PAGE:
Health, beauty and food and drink were the strongest performing categories both on the high street and online, as consumers made most of brief spells of sunshine to enjoy the summer holidays, shows a recent report, suggesting the improvement in consumer confidence.
According to figures released by British Retail Consortium today (5), UK Total retail sales increased by 4.1 per cent in August, against a growth of one per cent in August 2022. Food sales increased by 8.2 per cent on a Total basis over the three months to August. This is above the 12-month average growth of eight per cent.
Non-Food sales decreased 0.2 per cent on a Total basis over the three-months to August. This is below the 12-month average growth of 0.9 per cent. Over the three months to August, in-store Non-Food sales increased 1.3 per cent on a total basis since August 2022. This is below the 12-month average growth of 3.6 per cent.
Online Non-Food sales decreased by 1.7 per cent in August, against a decline of 6.1 per cent in August 2022. This was shallower than the three3-month and 12-month declines of 3.1 per cent.
Helen Dickinson OBE, Chief Executive of the British Retail Consortium, said, “Retail sales in August improved, particularly on July’s poor performance. Sale of non-food products had their best month since February, particularly for health and beauty products as retailers continued to invest in new, exciting brands, and customers splurged on self-care. The sales figures reflected the improvement in consumer confidence in August, and retailers hope this general upwards trend will carry on. Not all areas benefitted, clothing and footwear saw weaker growth as families held back spending on children’s uniforms and other back-to-school goods until the last minute.
“Easing inflation will certainly be welcomed by consumers, but as the rate of price rises falls, so will the extra spending needed by consumers. As a result, sales growth may fall in the coming months, even if volume growth does not. Furthermore, high interest rates and high winter energy bills will put pressure on many households to spend cautiously. Retailers are combatting this through a clear focus on great value for consumers, expanding budget ranges, and finding ways to cut costs where possible.”
Paul Martin, UK Head of Retail, KPMG,
“August saw a bounce back in retail sales growth to 4.1 per cent, which will come as a relief for many retailers. Health, beauty and food and drink were the strongest performing categories both on the high street and online, as consumers made the most of brief spells of sunshine to enjoy the summer holidays. Internet retailers continue to struggle as online sales fell yet again in August, dropping by 3 per cent year on year.” As summer comes to an end, retailers will have their sights firmly set on the most crucial period of trading as consumers get ready for Christmas.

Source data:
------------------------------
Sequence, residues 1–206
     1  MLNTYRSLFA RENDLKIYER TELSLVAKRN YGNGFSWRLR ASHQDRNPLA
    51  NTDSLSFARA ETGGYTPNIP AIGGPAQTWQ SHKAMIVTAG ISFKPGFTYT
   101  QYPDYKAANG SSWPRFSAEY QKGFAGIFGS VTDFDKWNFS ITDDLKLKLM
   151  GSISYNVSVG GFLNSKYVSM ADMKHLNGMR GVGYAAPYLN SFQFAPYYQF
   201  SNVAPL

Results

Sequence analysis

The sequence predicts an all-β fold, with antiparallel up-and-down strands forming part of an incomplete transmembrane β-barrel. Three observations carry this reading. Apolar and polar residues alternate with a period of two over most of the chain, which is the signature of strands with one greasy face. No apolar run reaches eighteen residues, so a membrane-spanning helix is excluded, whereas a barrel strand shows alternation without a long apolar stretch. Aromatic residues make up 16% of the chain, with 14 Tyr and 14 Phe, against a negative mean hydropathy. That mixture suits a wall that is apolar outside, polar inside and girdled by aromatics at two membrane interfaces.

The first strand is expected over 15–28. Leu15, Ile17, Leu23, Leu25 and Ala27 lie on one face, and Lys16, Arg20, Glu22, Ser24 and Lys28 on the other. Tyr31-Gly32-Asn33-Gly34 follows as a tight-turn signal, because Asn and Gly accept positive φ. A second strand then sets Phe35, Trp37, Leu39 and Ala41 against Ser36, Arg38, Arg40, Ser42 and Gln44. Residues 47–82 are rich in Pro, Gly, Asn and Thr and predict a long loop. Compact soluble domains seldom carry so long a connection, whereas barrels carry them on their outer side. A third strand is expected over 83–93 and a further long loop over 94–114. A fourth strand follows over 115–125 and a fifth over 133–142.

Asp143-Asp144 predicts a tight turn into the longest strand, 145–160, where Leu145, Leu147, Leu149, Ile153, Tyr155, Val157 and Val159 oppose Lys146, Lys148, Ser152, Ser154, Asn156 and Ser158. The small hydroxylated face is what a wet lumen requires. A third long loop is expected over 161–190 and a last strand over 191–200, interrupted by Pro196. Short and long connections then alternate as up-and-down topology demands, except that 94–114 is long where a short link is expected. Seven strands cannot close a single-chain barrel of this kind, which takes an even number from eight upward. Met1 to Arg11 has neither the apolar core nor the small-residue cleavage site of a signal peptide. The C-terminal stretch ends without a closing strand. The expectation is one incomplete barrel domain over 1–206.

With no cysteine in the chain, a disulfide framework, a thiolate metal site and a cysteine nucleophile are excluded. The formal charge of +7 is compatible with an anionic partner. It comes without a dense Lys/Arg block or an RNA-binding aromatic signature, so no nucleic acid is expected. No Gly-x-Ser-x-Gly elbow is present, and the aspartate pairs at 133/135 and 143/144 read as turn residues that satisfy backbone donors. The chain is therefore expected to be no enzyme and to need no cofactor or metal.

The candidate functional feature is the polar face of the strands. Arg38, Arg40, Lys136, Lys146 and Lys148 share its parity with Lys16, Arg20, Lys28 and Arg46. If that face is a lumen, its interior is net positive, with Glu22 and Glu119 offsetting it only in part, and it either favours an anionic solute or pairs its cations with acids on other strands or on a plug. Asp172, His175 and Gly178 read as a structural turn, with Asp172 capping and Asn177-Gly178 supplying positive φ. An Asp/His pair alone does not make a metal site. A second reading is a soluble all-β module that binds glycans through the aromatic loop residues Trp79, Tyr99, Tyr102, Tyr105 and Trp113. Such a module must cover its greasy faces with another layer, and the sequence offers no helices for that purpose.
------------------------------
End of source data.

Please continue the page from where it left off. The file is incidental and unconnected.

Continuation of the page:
“Inflation levels are heading in the right direction, albeit much more slowly than hoped, and savvy shoppers will be Christmas bargain hunting much earlier this year, as price continues to drive decisions and consumers seek out good deals to stretch their budgets. With shoppers becoming more calculated and aware of what they are getting for their money than we have seen for a long time, retailers will have to fight harder for every sale.
Commenting on food and drink sector performance, Sarah Bradbury, CEO at IGD, said that despite the disappointing summer weather, August saw food and drink sales recovering some momentum that was lost in July. The progress of the Lionesses in the World Cup brought cheer to consumers and an excuse for get-togethers around game times.
“However, inflation remains the dominant driver of headline growth in the sector and, although lower now than the peaks seen a few months ago, it remains high by historical standards.
“Shopper sentiment was more muted in August, matching the disappointing summer weather. IGD’s Shopper confidence Index declined marginally, following recent gains. Shoppers remain concerned about the relatively high food inflation. Fewer now believe food prices will get cheaper in the next year (eight per cent vs 11 per cent last month). Only 13 per cent expect food prices to return to their 2021 level.”